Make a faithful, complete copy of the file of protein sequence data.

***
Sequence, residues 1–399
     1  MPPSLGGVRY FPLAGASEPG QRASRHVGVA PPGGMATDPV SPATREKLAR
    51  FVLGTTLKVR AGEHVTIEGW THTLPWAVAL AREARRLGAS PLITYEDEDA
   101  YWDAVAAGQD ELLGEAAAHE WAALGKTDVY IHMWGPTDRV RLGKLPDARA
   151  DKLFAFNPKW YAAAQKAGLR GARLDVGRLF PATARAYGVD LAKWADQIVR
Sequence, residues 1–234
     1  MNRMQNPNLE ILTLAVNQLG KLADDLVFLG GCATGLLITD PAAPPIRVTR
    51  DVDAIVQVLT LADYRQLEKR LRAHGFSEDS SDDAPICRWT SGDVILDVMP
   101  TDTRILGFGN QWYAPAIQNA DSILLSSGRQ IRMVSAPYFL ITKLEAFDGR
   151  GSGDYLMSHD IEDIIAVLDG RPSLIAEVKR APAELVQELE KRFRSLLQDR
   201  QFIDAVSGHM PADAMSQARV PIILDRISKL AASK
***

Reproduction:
Sequence, residues 1–399
     1  MPPSLGGVRY FPLAGASEPG QRASRHVGVA PPGGMATDPV SPATREKLAR
    51  FVLGTTLKVR AGEHVTIEGW THTLPWAVAL AREARRLGAS PLITYEDEDA
   101  YWDAVAAGQD ELLGEAAAHE WAALGKTDVY IHMWGPTDRV RLGKLPDARA
   151  DKLFAFNPKW YAAAQKAGLR GARLDVGRLF PATARAYGVD LAKWADQIVR
Sequence, residues 1–234
     1  MNRMQNPNLE ILTLAVNQLG KLADDLVFLG GCATGLLITD PAAPPIRVTR
    51  DVDAIVQVLT LADYRQLEKR LRAHGFSEDS SDDAPICRWT SGDVILDVMP
   101  TDTRILGFGN QWYAPAIQNA DSILLSSGRQ IRMVSAPYFL ITKLEAFDGR
   151  GSGDYLMSHD IEDIIAVLDG RPSLIAEVKR APAELVQELE KRFRSLLQDR
   201  QFIDAVSGHM PADAMSQARV PIILDRISKL AASK